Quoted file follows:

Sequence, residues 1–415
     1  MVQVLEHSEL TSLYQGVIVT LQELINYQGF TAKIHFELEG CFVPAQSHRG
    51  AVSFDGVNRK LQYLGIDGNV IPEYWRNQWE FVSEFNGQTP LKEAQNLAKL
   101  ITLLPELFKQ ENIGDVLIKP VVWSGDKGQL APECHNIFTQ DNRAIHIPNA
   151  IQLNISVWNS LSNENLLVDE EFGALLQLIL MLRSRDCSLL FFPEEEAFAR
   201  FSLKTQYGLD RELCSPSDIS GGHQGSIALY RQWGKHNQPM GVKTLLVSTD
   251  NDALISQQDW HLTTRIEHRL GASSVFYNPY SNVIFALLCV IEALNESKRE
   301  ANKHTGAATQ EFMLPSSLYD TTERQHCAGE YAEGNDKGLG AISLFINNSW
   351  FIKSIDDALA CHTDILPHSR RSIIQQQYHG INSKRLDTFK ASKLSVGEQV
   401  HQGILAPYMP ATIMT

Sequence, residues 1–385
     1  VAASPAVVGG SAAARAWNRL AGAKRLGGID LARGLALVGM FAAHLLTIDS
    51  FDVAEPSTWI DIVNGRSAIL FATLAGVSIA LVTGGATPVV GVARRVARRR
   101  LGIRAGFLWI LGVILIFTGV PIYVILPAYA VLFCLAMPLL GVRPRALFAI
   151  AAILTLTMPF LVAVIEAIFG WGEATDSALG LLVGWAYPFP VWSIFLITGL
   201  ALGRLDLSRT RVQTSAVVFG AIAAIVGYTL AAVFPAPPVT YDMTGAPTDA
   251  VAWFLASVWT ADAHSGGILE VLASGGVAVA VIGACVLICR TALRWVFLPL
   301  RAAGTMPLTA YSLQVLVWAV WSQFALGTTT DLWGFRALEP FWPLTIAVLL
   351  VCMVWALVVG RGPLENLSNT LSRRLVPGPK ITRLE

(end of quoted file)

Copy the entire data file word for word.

Sequence, residues 1–415
     1  MVQVLEHSEL TSLYQGVIVT LQELINYQGF TAKIHFELEG CFVPAQSHRG
    51  AVSFDGVNRK LQYLGIDGNV IPEYWRNQWE FVSEFNGQTP LKEAQNLAKL
   101  ITLLPELFKQ ENIGDVLIKP VVWSGDKGQL APECHNIFTQ DNRAIHIPNA
   151  IQLNISVWNS LSNENLLVDE EFGALLQLIL MLRSRDCSLL FFPEEEAFAR
   201  FSLKTQYGLD RELCSPSDIS GGHQGSIALY RQWGKHNQPM GVKTLLVSTD
   251  NDALISQQDW HLTTRIEHRL GASSVFYNPY SNVIFALLCV IEALNESKRE
   301  ANKHTGAATQ EFMLPSSLYD TTERQHCAGE YAEGNDKGLG AISLFINNSW
   351  FIKSIDDALA CHTDILPHSR RSIIQQQYHG INSKRLDTFK ASKLSVGEQV
   401  HQGILAPYMP ATIMT

Sequence, residues 1–385
     1  VAASPAVVGG SAAARAWNRL AGAKRLGGID LARGLALVGM FAAHLLTIDS
    51  FDVAEPSTWI DIVNGRSAIL FATLAGVSIA LVTGGATPVV GVARRVARRR
   101  LGIRAGFLWI LGVILIFTGV PIYVILPAYA VLFCLAMPLL GVRPRALFAI
   151  AAILTLTMPF LVAVIEAIFG WGEATDSALG LLVGWAYPFP VWSIFLITGL
   201  ALGRLDLSRT RVQTSAVVFG AIAAIVGYTL AAVFPAPPVT YDMTGAPTDA
   251  VAWFLASVWT ADAHSGGILE VLASGGVAVA VIGACVLICR TALRWVFLPL
   301  RAAGTMPLTA YSLQVLVWAV WSQFALGTTT DLWGFRALEP FWPLTIAVLL
   351  VCMVWALVVG RGPLENLSNT LSRRLVPGPK ITRLE